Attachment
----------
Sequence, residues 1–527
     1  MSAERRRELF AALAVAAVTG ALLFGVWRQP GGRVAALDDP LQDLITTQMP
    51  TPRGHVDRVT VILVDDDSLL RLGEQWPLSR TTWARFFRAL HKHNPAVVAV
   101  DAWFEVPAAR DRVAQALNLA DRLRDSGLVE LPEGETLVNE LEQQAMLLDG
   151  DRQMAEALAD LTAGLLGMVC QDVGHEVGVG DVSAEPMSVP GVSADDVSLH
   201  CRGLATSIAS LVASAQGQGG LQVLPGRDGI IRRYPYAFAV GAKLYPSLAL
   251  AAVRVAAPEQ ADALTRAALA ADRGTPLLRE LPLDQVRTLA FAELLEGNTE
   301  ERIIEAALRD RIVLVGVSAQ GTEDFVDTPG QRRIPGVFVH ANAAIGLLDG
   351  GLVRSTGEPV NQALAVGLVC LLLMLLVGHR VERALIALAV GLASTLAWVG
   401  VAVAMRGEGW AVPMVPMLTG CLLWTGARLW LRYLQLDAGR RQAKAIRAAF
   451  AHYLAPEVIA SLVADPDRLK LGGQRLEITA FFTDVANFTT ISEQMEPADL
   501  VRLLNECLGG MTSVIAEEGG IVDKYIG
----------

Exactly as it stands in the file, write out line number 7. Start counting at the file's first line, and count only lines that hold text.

   251  AAVRVAAPEQ ADALTRAALA ADRGTPLLRE LPLDQVRTLA FAELLEGNTE